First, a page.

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Saturday, November 26, 2016


A Review of Sam Eastland's Berlin Red

It was with great excitement that I learned that Sam Eastland was taking Inspector Pekkala into Berlin in the end days of WW2. Eastland had been one of those authors I was always interested in giving a try but just hadn't got around to. Berlin Red seemed like a great place to start.


And it the beginning of the novel that lost me. The long, long, long beginning. The novel is called BERLIN Red and the blurb promised a tense thriller. The Nazis have perfected an advanced guidance system for the V-2 rockets, the Soviets send Pekkala to Berlin to get it. Already Eastland has my attention as this set up is rife with tremendous possibilities. Even throwing in what has become the tired cliché of someone (in this case, Pekkala) returning to Berlin to save someone he left behind (in this case, the woman he loves) who, of course, is the key spy the Nazis are hunting for leaking key information to the Allies. This tired subplot aside, the premise still held my interest.


So let's get Pekkala to Berlin and the espionage, cat and mouse games can begin. Right? Wrong! I read the novel in ebook format and the little counter tracking my progress revealed what my reading experience had shown me. Our intrepid hero arrives in Berlin after I'd read 71% of the novel! With a title like BERLIN Red, should the reader get through almost three-quarters of the book before the protagonist is even in Berlin?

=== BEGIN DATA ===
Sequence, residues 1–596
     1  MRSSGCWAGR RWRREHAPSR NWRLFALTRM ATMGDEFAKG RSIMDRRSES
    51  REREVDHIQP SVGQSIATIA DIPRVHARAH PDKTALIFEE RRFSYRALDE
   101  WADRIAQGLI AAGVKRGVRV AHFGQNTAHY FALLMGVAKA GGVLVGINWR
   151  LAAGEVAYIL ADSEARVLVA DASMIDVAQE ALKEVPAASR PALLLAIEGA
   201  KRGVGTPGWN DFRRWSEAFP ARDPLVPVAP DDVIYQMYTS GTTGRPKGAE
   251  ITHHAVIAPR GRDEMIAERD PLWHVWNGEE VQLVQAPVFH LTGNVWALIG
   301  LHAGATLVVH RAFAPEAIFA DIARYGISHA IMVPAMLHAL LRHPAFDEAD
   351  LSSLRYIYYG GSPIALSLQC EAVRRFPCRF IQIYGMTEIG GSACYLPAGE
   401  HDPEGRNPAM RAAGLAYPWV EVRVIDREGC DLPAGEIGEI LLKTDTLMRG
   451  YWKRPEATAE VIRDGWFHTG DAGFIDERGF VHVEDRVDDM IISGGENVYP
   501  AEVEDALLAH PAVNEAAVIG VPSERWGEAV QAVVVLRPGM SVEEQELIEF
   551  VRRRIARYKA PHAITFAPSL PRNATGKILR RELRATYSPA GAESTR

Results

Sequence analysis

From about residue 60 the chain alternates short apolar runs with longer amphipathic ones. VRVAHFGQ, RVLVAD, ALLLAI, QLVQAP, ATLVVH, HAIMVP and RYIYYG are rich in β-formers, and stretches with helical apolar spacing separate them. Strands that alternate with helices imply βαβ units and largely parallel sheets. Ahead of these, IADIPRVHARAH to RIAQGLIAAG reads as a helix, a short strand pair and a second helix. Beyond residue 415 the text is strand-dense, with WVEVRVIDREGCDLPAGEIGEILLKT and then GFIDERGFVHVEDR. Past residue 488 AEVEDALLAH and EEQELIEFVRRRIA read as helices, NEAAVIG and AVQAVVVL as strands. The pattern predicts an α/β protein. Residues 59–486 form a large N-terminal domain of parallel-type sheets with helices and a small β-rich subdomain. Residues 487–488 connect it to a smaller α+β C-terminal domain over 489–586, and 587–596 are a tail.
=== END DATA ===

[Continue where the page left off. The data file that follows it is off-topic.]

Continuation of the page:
Not the end of the world - if that 71% is compelling fiction. It isn't. This is a very
talky novel delving into the characters via flashbacks and endless conversations. Almost nothing happens and the style did not keep this reader turning pages. We've got Pekkala's lady love passing info to the Nazis. Hitler listening to the broadcasts where her info is transmitted. A switch in the lead man on the Nazi hunt. The spy's boss and his life with his mistress. And Stalin hell-bent on ruining Pekkala's life. All of these threads grind the narrative to a halt. If this was, say, the first 50 pages to set the stage, it would still be pushing things. I remind you the novel is called BERLIN Red and there is no "Red" until three-quarters of the book has crawled passed your sleepy eyes. And this goes on not for 50 pages but for 275 pages! Where's the autobahn when you need it? I was beginning to wonder if Pekkala would ever reach Berlin.


Eastland creates mildly interesting characters. His period details are distributed well and he has done his research. But Berlin Red is a dull as dishwater read. There are moments of action but they are very few and far between. This is a talky novel and not a very good one.


You can put this one at the bottom end of the Berlin Noir canon.